Recommended Courses for Practice Concentrations
ADED 771 Program Development in Community Education
ADED 772 Program Management in Community Education
ADED 711 Gerontology
ADED 712 Developmental Adult Education
One Approved Elective
ADED 776 Principles of College Teaching
ADED 714 The Community College
ADED 778 Student Personnel Services
ADED 77 (3) Leadership
One Approved Elective
Human Resource Development
ADED 710 Foundations of Human Resource Development
CUIN 612 Instructional Design
CUIN 714 Instructional Technology Services for Business and Industry
TECH 670 Introduction to Workplace Training and Development
TECH 671 Methods and Techniques of Workplace Training and Development
CUIN 742 Instructional Design
CUIN 617 Computers in Education
CUIN 762 Advanced Internet Uses in Education
CUIN 765 Authoring Software
CUIN 716 Media Center Management
CUIN 742 Instructional Design
Interdisciplinary Community College Teaching
18 Credits Biology
BIOL 615 Virology
BIOL 6 (3)1 Endocrine Physiology
BIOL 640 Intro to Bioinformatics
BIOL 665 Evolution
BIOL 671 Immunology
BIOL 700 Environ Biology
18 Credits Business Education
MGMT 712 Foundation of Enterprise Mgmt.
ECON 706 Seminar in Economics
ACCT 708 Seminar in Financial Concepts
MIS 713 Business Applications Dev.
MGMT 718 Mgmt. & Org. Analysis
MKGT 716 Strategic Marketing
18 Credits English
ENGL 653 English as Second Language
ENGL 650 African-American Folklore
ENGL 627 Literature for Adolescents
ENGL 721/722 American Literature
ENGL 712 Freshman Writing
ENGL 755 Grammar and Rhetoric
18 Credits History
HIST 735 Historiography
HIST 730 Seminar in History
HIST 701 Recent US Diplomatic Hist.
HIST 712 20th Cent Afri-Ameri. Hist.
HIST 725 Teaching Trends, Soc Science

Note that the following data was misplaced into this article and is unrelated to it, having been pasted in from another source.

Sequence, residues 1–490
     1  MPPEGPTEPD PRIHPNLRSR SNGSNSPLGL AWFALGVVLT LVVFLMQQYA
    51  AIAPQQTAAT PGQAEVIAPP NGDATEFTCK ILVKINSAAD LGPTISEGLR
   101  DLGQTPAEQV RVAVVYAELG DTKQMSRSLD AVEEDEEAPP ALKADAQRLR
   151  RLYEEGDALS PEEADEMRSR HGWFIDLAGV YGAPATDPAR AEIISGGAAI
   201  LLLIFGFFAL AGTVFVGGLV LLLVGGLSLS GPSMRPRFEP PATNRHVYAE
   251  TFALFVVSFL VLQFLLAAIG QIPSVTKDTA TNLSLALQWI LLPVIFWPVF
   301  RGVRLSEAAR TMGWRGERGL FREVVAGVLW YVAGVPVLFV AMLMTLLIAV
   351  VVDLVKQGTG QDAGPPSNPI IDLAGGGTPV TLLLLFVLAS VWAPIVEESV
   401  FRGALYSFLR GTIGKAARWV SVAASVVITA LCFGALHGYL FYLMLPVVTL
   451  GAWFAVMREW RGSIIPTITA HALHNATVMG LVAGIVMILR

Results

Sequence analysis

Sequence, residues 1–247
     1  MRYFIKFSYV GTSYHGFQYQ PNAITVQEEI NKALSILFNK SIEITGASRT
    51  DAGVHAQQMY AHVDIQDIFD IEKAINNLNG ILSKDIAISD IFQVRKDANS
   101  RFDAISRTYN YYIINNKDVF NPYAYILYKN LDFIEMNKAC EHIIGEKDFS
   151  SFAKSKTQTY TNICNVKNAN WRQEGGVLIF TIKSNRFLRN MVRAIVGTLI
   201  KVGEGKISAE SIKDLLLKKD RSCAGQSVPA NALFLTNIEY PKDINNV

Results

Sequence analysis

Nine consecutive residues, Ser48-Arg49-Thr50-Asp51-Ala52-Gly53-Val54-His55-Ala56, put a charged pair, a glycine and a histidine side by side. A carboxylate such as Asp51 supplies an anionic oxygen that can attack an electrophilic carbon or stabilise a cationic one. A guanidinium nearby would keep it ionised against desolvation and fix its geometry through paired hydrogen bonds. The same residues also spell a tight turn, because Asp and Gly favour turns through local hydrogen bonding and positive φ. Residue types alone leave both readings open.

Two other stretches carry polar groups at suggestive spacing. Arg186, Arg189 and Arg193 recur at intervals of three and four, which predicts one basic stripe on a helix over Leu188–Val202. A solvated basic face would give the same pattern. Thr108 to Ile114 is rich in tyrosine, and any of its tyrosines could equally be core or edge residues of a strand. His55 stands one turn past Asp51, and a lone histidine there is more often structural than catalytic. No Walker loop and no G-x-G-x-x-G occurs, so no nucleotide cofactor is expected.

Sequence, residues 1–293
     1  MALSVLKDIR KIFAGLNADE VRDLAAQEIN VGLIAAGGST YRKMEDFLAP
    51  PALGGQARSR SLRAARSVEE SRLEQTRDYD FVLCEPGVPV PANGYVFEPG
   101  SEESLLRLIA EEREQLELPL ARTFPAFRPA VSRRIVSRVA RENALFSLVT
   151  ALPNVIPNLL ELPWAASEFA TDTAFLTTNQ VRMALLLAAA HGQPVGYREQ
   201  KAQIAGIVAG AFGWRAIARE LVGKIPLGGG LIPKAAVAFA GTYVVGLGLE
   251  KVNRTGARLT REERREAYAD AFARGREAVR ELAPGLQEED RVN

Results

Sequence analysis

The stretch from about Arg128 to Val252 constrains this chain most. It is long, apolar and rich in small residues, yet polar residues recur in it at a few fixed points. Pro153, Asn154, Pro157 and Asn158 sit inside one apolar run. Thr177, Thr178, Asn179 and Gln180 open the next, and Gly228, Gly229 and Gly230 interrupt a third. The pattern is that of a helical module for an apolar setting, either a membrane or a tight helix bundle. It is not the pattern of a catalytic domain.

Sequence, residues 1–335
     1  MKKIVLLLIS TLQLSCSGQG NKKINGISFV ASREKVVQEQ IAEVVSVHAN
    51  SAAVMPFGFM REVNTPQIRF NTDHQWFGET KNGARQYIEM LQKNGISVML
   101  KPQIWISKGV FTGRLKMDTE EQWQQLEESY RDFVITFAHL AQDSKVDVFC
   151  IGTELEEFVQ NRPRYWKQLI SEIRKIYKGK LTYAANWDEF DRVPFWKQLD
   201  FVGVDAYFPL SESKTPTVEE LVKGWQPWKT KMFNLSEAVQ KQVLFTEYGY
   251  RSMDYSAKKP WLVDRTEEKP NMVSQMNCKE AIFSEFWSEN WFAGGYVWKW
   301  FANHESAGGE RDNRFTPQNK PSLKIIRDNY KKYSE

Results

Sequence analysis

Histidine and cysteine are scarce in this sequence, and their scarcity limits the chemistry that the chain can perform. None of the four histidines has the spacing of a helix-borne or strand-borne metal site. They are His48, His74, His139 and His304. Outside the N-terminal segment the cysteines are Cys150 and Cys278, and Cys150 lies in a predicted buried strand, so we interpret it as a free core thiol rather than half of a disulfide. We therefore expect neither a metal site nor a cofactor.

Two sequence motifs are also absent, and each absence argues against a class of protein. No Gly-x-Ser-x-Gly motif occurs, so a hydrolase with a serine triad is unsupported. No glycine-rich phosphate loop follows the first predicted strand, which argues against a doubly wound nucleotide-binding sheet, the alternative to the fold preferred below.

HIST 740 Hist. Soc. Sci. Contemp. World Prob
18 Credits Manufacturing Systems
MSIT 701 Leadership & Techno Innovations
MSIT 702 Enterprise Resource Planning System
MSIT 703 Stats & Prob. In Industrial Tech.
MSIT 336 Research Methods for IT
MFG 710 Mfg. Materials
MFG 720 Industrial Economics
MFG 721 Industrial Op. Mgmt.
MFG 735 Mfg. Org. & Mgmt
MAG 745 Managing New Prod. Dev.
MFG 755 Production Mgmt. & Control
MFG 770 Managing a Total Qual. Syst.
MFG 772 Strategic Concepts in Quality
MFG 610 Six Sigma Applied to Mfg.
MFG 613 Supply Chain Management Syst.
MFG 614 Industrial Logistics
MFG 621 Manf. Operation Modeling
MFG 651 Principles of Robotics
MFG 673 Ind. Productivity Meas. & Analysis
MFG 674 Study of Automation & Control Syst.
MFG 696 Applied Comp. Integrated Mfg.
Admission to Candidacy
Applicants must possess a baccalaureate (Bachelor of Science or Bachelor of Arts) degree preferably in the areas of education, history, philosophy, psychology or sociology. Applicants who have creditable professional and/or volunteer experience in adult education are encouraged to submit a brief portfolio.
The following academic procedures and process will serve to assist graduate students as they matriculate through the program. After acceptance, each student will be assigned an advisor. The academic advising process serves to:
- Assist students in planning a program of vocational interest and professional study.
- Identify student learning blocks and related obstacles to career or educational progress.
- Recognize students’ skills, abilities, aptitudes, and interests leading to appropriate career selection.
- Periodically assess student’s academic progress and career goals.
- Advise and place students in appropriate course selection taking into account appropriate sequence and required prerequisites.
- Advise students of all requirements for graduation.
- Refer students to appropriate remedial developmental services.
- Provide students with any other assistance deemed necessary.
- Prepare students to register for courses each semester.
Once students are assigned an advisor, they will remain with that advisor throughout the program. Students will not change advisors unless so directed and approved by the department chairperson. All departmental advising is done in accordance with the University Academic Advisement Handbook.
The Adult Education program follows professional standards devised by the Commission of Professors of Adult Education.
Directory of Faculty
- Bernadine Chapman, B.S., Elizabeth City State University; M.A., Teachers College, Columbia University; Ed.D., North Illinois University; Associate Professor
- Sharon Waldrum, B.S., M.S., North Carolina A&T State University, Ph.D., University of South Florida.